Loans keep Africa’s semi-formal businesses open

Self-employed entrepreneurs and micro-enterprises are the lifeblood of Africa’s informal and semi-formal economies, but when it comes to accessing loans for working capital, they are generally underserved by most financial institutions.

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In an interview with PYMNTS, Mina Shahid, co-founder and CEO of Ugandan FinTech startup Numida, which provides working capital loans to micro and small businesses, explained why.

“Traditional financial institutions are not lending to our client base because they lack collateral, documentation and guarantors,” he said. “So, we’re really going to focus on this niche market of semi-formal businesses that do mostly cash.”

Furthermore, informal local lenders tend to impose high interest rates and predatory terms, exposing small businesses to serious risks.

As a result, Shahid said the company has seen considerable success in Uganda, where there is little or no competition in the industry.

A human-digital approach for cash-based businesses

To serve the informal and semi-formal market, Numida has created a credit scoring model that does not require electronic transaction data like most. Instead, loan applications are processed based on inputs from a mobile app.

“Our claim to fame is really that we built the scoring model and all the operating practices and underwriting to be able to provide an unsecured working capital loan to a cash-based business that has no transaction history digital,” Shahid explained.

He said this differs from other digital lending platforms on the continent that require businesses to use point-of-sale systems or get involved in an e-commerce marketplace to build a credit score.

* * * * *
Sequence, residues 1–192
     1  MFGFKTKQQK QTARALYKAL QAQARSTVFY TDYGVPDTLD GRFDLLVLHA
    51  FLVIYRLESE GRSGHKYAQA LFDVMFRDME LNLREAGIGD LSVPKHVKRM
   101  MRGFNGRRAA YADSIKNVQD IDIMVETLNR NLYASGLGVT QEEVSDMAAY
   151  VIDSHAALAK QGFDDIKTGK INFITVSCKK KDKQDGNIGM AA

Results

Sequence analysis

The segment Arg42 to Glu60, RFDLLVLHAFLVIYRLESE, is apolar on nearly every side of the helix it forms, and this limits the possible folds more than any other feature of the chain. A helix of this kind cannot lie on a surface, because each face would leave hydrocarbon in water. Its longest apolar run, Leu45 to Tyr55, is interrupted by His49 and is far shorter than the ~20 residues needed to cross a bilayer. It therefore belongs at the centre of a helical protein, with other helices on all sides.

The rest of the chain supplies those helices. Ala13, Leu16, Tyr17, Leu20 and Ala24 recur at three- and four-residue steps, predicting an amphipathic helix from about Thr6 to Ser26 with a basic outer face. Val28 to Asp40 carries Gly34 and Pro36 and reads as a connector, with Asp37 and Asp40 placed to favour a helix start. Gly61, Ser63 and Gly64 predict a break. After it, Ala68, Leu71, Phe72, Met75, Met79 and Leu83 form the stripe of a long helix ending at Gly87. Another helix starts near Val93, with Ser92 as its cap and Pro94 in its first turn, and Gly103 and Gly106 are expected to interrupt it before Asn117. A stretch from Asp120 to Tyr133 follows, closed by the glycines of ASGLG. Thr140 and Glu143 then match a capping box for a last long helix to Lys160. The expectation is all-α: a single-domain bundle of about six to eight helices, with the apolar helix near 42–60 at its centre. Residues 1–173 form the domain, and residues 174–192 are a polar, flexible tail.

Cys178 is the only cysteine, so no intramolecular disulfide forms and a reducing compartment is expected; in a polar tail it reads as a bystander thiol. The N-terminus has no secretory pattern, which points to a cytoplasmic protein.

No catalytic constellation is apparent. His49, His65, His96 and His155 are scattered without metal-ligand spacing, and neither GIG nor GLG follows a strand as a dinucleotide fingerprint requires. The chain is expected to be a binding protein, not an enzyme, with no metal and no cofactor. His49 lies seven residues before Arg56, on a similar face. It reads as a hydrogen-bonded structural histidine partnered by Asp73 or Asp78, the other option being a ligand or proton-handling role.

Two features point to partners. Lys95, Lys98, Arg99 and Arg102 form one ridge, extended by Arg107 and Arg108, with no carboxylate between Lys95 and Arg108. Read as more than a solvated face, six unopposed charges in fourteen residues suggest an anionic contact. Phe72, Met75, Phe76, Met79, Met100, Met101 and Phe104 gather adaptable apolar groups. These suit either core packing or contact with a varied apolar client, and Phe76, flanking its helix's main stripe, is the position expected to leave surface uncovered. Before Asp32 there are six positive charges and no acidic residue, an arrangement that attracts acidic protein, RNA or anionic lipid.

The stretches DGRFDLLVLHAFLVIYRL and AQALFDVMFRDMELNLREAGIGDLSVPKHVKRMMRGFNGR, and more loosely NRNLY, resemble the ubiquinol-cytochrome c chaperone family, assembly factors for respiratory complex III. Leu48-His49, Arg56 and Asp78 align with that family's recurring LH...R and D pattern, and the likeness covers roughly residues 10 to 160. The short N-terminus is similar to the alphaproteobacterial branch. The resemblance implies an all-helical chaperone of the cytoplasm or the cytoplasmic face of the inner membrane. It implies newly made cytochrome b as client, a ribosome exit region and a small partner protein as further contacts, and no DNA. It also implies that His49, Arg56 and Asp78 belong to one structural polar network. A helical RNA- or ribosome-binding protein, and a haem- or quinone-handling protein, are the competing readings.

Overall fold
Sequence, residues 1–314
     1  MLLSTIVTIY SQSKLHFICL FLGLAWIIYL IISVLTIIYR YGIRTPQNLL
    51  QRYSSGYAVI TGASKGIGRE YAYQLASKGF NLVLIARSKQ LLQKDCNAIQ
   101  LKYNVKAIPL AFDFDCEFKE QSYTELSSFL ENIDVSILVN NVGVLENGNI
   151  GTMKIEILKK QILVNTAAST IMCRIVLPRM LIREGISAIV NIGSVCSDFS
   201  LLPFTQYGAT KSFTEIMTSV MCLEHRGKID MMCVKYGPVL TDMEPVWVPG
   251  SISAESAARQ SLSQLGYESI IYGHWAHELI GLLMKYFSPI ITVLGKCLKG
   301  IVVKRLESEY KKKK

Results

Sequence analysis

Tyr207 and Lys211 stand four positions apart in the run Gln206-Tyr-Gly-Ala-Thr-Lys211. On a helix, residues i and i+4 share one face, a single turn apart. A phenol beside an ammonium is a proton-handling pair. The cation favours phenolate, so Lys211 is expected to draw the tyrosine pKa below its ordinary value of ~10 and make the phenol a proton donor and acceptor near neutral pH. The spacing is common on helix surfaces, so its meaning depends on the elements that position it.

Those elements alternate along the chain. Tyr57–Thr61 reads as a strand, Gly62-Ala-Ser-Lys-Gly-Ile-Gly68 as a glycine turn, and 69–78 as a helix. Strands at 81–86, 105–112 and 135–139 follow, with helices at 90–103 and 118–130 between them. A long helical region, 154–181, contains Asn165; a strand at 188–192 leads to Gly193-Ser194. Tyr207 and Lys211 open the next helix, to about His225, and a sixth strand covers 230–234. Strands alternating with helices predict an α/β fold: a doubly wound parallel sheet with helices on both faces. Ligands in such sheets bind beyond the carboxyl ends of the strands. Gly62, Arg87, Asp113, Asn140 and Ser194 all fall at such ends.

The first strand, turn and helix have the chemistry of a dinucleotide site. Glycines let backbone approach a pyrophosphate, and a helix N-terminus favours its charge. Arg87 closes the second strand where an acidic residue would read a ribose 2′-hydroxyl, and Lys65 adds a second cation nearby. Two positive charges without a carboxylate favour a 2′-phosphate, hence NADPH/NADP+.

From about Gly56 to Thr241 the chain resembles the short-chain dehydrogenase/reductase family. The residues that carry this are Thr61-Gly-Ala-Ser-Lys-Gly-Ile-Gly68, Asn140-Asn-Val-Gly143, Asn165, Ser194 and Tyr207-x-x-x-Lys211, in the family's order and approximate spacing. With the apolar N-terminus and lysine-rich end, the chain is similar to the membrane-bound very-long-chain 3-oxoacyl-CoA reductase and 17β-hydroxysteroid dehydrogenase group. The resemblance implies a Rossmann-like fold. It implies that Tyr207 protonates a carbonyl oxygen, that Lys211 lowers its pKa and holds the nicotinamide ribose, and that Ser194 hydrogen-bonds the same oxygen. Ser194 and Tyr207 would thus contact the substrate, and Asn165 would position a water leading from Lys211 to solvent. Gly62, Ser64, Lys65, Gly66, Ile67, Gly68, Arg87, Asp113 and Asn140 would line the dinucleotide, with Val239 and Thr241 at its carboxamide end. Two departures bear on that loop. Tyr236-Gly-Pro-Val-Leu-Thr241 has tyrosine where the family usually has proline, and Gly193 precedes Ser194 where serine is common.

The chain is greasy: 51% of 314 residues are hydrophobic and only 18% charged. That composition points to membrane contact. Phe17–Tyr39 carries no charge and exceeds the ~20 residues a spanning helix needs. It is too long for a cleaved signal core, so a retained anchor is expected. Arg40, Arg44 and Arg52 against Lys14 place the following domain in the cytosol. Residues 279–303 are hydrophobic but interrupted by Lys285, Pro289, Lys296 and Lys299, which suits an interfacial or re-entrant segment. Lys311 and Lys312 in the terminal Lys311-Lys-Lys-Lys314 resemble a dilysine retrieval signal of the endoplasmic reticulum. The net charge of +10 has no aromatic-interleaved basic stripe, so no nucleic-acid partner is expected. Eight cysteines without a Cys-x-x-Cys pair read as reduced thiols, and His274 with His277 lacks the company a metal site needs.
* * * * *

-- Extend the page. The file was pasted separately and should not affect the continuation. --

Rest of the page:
“We’ve actually built all of our models independently of these things, which allows us to serve a much larger customer segment,” added Shahid.

Instead of relying on digital transaction data, Numida’s proprietary scoring model is based on historical data from previous loans issued.

More so: Small businesses need credit, lenders need a better way to assess that risk

Because of this, the firm has been able to specifically target businesses that have good cash flow but struggle to build a credit score because they transact primarily in cash.

Still, when it comes to loans, Shahid said customers repay via mobile money. This is also the disbursement method used for 99% of borrowers, with wire transfers reserved for higher value loans over $2,000.

Numida’s merchant rebates are what mobile connectivity research organization GSMA called “ecosystem transactions” in the 2022 edition of its annual State of the Industry report.

As noted by the GSMA, ecosystem transactions such as bill payments, bulk disbursements, merchant payments and international remittances accounted for less than 10% of all mobile money payments in 2012. However, by 2021, this number had risen to 20% of the $1 trillion in transactions processed.

The growing wealth of repayment data resulting from the large volume of relatively low value loans processed over the years has enabled the firm to develop “a meaningful set of fraud indicators that are automatically triggered in the loan application flow And [can then] pull disbursements before a subsequent loan based on app usage behavior,” Shahid explained.

He noted, however, that there are limits to how much of the system can be automated, which is why the startup still has human credit officers who manage accounts and gather additional information needed for the underwriting process.

He further said that the combination of human touch and automatic validation will enable the company to develop digital payment products for businesses “that would allow us to tap into the payment flows of our customers and their customers.”

In fact, Numida has already made a few forays into ecommerce lending, including a partnership initiative with pan-African marketplace Jumia.

And because cash-based semi-formal businesses represent “a huge market in nearly every country in Africa,” there are huge growth opportunities on the continent for the company going forward.

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